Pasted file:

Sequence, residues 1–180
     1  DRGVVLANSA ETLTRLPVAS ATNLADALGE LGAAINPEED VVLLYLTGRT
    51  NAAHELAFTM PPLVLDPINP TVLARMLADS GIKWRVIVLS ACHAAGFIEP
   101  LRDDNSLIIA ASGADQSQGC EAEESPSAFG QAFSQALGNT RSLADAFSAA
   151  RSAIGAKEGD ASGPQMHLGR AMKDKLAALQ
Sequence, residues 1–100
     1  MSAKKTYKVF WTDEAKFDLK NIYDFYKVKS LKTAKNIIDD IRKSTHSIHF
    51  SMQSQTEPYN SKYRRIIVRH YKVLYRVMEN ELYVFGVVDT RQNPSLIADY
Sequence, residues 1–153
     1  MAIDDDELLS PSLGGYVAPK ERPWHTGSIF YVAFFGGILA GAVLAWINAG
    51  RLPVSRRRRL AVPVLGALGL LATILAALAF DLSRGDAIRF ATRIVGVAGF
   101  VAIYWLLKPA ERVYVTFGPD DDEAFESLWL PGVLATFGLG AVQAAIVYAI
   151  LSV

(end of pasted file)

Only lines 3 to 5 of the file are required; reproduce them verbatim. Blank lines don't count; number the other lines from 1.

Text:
    51  NAAHELAFTM PPLVLDPINP TVLARMLADS GIKWRVIVLS ACHAAGFIEP
   101  LRDDNSLIIA ASGADQSQGC EAEESPSAFG QAFSQALGNT RSLADAFSAA
   151  RSAIGAKEGD ASGPQMHLGR AMKDKLAALQ